Most of us have experienced sleepless nights that leave us so tired and miserable the next day that we’ll try almost anything that claims to be helpful. The newest sleep medication, called Belsomra, claims to be just the answer. But, the truth is that Belsomra doesn’t actually improve your sleep that much. It might help you fall asleep a few minutes faster or stay asleep slightly longer. But this small benefit comes with some big safety concerns, such as being too drowsy to drive the next day — or feeling like you can’t move or talk.
Other sleeping pills, such as Ambien and Lunesta, are known to cause problems including sleepwalking, hallucinations, and morning fatigue. And people taking any sleeping pills, even over-the-counter sleeping pills –most of which contain the antihistamine Benadryl (diphenhydramine) — tend to die younger and are more likely to die from cancer.
Belsomra is a new type of sleeping pill called an orexin-receptor antagonist. It acts differently in the brain compared to older sleep medications, which is why some doctors thought that we finally found the magic pill. However, studies show that Belsomra helps people fall asleep only about 6 minutes faster, on average. And it doesn’t help people stay asleep that much longer either – only about 20 minutes longer.
The irony is that people who have insomnia take sleeping pills so that they can function well the next day. They want to be able to think clearly, drive a car safely, take care of their family, and do well at their job or in school. And yet, people who take Belsomra don’t feel more refreshed. Instead, more people who took Belsomra felt drowsy the next day compared with those who took a placebo. In fact, two people who took the 20 mg dose the night before were so drowsy the next day they had to stop a driving test. Slightly more people in the Belsomra group were involved in driving accidents or got traffic tickets and reported hallucinations or sleep paralysis—a feeling that you can’t move or talk while falling asleep or awakening.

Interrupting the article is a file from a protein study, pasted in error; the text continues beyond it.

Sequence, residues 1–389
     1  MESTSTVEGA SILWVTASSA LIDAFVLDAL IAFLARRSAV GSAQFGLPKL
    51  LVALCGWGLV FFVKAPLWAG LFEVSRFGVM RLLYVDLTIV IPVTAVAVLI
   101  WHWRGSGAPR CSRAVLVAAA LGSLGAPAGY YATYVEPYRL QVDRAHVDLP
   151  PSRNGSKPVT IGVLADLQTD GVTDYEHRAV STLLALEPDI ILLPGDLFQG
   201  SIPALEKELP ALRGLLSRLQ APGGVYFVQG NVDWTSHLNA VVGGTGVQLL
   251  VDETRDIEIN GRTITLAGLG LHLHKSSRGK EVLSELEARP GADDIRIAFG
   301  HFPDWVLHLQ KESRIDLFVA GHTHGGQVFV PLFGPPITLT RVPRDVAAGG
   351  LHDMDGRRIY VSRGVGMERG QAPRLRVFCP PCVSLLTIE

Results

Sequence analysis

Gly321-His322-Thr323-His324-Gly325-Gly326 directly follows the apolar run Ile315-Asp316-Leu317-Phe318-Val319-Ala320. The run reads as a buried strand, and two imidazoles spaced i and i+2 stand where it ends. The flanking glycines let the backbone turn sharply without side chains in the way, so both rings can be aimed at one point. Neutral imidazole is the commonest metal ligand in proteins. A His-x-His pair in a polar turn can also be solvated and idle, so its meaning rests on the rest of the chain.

If 20 mg made people drowsy the next day, what about a lower dose? Merck, the manufacturer of Belsomra, doesn’t think a lower dose is the answer: “The overall picture is that 10 milligrams is not an effective dose,” according to W. Joseph Herring, M.D., Merck’s executive director of clinical research, neuroscience, and ophthalmology.
What are your alternatives? As noted above, other sleeping pills have other problem side effects. In fact, in April 2019, the FDA announced a Boxed Warning for three other “sleeping pill” medications: eszopiclone (brand name is Lunesta), zaleplon (brand name is Sonata), and zolpidem (Brand names are Ambien, Ambien CR, Edluar, Intermezza, and Zolpimist).1 The FDA stated that they added this Boxed Warning (their most prominent warning, similar to the ones on tobacco products) based on reports to the FDA indicating the “risk of serious injuries caused by sleepwalking, sleep driving, and engaging in other activities while not fully awake,”2 The FDA warns that these can occur even in someone who has never had a problem with the pills before, or can occur the first time the patient uses the medication2. In some of the reported cases, these behaviors resulted in death.2 The FDA also added a “Contraindication” to the label that warns “to avoid use in patients who have previously experienced an episode of complex sleep behavior” with any of these medications.2 The “complex sleep behaviors” reported with these medications include sleepwalking and sleepdriving, but can also include other behaviors that people do when awake.2 Patients need to discuss those previous experiences with sleeping pills with their physician before deciding if any of these drugs are appropriate.
For more information about how to improve your sleep without medications, see our article: What you can do to improve your sleep and your health.
All articles are reviewed and approved by Dr. Diana Zuckerman and other senior staff.